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Insurance for college dorm living: Are you covered?

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By: Emily Capdevielle May 22, 2012 0

personal possessions covered by insurance when you're away at collegeAs college students are unloading all of their belongings in their new dorm for the school year and arranging things accordingly, many may need to step back and ask if those personal items are protected.

According to the U.S. Department of Education, there were nearly 24,000 thefts in 2009, and 5,000 home fires that were cooking-related on college and university campuses. Many colleges and universities state in their housing contracts that they are not responsible for any theft, or property damage made to personal items so it is important to make sure your possessions are insured.

For the most recent crime statistics for college and university campuses, see The Campus  Safety and Security Data Analysis Cutting Tool at the U.S. Department of Education website.

The following is an excerpt from the University of Illinois at Urbana-Champaign’s housing contract for the 2011 to 2012 academic year, which is a common citing among other housing contracts as well:

“Loss of Property: The Student shall be responsible for the security of her/his own property. The University shall accept no responsibility for the theft, damage, or other loss of money, valuables, or personal effects of the Student in or on University property, including storage areas. Student is strongly encouraged to review their current homeowners insurance policy or purchase renter’s insurance through a private insurance company licensed by the State of Illinois.”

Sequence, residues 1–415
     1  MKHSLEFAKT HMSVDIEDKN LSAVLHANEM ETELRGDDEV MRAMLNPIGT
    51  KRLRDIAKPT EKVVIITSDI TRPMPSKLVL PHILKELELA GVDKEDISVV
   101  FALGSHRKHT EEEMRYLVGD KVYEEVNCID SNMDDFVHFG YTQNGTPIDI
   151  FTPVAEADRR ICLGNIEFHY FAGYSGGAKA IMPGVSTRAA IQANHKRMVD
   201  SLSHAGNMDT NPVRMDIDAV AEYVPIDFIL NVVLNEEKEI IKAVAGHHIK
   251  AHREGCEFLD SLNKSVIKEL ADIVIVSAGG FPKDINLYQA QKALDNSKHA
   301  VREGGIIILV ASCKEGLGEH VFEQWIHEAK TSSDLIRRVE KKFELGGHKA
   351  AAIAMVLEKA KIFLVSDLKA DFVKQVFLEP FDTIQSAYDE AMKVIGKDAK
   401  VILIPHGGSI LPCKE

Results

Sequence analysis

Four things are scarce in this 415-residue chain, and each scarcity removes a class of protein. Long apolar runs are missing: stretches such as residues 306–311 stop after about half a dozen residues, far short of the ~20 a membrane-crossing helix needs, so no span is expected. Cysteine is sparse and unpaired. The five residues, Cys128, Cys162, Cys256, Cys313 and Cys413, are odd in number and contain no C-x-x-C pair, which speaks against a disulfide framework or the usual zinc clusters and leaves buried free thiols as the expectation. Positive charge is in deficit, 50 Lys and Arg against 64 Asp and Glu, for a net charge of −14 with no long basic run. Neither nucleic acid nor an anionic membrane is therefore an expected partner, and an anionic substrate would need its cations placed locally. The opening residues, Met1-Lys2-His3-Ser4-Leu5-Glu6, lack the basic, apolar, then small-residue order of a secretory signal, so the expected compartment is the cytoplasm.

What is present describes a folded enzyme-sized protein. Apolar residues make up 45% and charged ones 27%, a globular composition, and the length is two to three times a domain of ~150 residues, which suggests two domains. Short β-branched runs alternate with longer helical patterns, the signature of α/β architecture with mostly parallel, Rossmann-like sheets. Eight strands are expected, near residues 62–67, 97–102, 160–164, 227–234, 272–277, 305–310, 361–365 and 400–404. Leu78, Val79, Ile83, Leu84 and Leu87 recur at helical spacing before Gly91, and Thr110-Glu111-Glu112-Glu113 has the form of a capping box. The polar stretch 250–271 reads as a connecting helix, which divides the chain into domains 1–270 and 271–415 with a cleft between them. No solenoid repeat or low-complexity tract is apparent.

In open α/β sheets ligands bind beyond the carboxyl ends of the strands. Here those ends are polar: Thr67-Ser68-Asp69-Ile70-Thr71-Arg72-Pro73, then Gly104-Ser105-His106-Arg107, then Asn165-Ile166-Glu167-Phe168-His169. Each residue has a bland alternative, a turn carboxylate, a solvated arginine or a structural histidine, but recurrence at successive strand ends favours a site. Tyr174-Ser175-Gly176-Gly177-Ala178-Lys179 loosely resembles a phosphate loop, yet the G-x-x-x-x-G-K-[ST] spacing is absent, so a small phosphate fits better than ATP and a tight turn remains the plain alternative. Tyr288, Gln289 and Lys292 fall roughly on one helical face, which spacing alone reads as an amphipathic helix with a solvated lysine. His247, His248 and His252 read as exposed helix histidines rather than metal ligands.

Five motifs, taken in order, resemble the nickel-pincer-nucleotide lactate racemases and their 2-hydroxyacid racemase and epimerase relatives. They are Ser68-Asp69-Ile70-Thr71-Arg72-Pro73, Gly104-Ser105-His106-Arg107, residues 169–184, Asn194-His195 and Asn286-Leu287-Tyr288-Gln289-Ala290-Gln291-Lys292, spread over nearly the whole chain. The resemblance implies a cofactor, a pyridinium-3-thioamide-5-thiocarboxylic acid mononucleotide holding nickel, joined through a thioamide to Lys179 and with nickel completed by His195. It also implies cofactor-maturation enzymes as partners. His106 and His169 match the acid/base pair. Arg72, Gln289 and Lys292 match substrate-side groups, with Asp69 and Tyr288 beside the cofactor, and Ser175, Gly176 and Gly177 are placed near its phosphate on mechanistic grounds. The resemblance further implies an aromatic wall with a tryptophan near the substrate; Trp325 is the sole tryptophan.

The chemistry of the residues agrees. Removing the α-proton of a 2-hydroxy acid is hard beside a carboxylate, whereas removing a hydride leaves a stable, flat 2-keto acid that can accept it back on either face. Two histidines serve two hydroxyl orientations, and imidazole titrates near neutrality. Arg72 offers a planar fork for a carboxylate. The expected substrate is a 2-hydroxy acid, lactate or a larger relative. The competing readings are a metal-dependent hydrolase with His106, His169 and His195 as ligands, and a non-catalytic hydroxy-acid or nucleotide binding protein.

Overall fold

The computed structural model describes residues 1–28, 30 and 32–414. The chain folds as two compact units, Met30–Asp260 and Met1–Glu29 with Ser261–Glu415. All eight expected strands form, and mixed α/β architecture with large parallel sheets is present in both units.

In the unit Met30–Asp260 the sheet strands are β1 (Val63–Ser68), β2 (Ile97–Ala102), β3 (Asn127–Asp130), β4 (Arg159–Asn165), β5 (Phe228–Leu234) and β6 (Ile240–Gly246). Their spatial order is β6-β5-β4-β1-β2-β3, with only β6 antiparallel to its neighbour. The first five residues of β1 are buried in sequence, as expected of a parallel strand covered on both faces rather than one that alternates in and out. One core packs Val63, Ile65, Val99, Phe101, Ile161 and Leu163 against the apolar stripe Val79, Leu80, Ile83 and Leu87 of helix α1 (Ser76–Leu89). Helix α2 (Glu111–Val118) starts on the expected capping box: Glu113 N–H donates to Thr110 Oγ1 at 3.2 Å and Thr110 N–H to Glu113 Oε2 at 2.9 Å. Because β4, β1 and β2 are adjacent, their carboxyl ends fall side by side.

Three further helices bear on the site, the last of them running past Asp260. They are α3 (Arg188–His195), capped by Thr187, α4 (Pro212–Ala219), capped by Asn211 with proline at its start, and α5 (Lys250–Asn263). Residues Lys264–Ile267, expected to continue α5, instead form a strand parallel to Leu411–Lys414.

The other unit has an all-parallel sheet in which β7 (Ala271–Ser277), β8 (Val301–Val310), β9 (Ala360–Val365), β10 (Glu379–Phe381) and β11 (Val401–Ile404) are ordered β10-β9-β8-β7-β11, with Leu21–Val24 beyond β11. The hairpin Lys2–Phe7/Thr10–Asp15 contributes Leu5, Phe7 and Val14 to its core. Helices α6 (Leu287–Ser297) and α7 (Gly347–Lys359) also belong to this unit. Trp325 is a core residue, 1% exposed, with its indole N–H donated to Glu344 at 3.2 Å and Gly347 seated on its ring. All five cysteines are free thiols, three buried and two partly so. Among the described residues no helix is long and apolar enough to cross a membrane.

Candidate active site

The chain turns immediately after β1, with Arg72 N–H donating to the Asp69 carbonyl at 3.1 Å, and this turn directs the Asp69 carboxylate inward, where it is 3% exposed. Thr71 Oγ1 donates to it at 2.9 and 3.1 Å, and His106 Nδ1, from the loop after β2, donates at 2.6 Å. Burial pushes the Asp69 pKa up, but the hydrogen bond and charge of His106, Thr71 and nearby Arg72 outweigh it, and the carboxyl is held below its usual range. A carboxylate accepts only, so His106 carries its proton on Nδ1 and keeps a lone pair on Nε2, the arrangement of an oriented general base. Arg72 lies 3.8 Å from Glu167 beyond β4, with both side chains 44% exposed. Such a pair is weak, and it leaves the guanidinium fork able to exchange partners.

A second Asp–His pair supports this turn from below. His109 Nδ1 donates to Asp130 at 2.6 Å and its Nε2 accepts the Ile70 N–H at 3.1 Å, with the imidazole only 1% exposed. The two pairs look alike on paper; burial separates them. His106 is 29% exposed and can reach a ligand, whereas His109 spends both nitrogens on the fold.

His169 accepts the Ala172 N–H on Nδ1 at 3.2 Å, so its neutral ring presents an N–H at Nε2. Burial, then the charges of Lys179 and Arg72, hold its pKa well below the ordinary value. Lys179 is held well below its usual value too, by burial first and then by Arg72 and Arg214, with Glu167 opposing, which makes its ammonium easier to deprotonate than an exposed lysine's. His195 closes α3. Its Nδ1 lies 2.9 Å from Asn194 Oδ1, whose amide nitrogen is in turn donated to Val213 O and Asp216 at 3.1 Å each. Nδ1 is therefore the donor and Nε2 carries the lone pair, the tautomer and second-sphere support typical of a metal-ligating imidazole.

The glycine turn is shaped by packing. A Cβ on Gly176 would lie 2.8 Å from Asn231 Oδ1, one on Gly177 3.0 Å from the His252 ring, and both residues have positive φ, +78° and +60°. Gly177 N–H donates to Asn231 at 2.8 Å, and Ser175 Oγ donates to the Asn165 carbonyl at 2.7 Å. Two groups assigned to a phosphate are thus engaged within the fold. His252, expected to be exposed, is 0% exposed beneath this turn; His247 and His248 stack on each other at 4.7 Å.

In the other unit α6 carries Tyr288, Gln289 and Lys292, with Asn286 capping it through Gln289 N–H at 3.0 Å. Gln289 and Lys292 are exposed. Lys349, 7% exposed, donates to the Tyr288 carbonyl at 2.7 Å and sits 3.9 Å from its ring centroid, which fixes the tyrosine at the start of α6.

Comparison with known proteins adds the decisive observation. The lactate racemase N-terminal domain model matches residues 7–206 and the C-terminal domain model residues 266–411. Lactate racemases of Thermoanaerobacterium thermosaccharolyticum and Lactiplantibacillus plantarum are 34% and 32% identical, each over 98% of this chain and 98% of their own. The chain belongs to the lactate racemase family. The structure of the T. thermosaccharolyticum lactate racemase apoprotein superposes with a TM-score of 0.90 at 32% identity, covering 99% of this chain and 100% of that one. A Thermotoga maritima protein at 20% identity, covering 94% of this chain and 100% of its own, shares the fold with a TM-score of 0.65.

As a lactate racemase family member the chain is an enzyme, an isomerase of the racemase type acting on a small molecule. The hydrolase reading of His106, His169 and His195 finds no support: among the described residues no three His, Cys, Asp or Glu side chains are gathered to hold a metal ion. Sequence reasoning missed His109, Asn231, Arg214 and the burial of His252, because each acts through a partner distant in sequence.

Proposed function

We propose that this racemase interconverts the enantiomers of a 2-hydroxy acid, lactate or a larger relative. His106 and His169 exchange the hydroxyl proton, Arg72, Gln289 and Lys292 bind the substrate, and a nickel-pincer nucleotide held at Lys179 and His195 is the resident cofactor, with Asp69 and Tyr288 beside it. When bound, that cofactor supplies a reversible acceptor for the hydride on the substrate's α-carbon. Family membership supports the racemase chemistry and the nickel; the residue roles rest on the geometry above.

Although additional insurance may not be necessary, it is important to know what is covered under the current policy in case further coverage is needed. Most personal possessions are covered under parents’ homeowners insurance or renters insurance policies. However, some homeowners or renters insurance policies may limit the amount of insurance for off-premises belongings to 10 percent of the total amount of coverage for personal possessions, according to the Insurance Information Institute (I.I.I.)

If there is a coverage limit under the current policy, a special personal property floater may be purchased or you could purchase a stand-alone policy that is specific to college essentials such as textbooks, furniture, computers, and other electronic devices.

“Parents may want to look into acquiring stand-alone policies for desktop computers, laptops, tablets and iPads, and other electronics as they may provide coverage against accidental damage, liquid spills and other events not included under a standard homeowners or renters insurance policy,” says Loretta Worters, spokesperson for the I.I.I.

National Student Services, Inc. (NSSI), which is underwritten by Hanover Insurance Company, offers personal property insurance designed specifically for students. Coverage varies depending on the amount of coverage that is needed with the option to purchase up to $20,000 worth of coverage at deductible rates of $25, $50 or $100.

Students who live off-campus are most likely not covered under their parents’ homeowners insurance policy and need to purchase their own renters insurance. Parents should consult their insurance company to see if their homeowners or renters policy extends to off-campus living.

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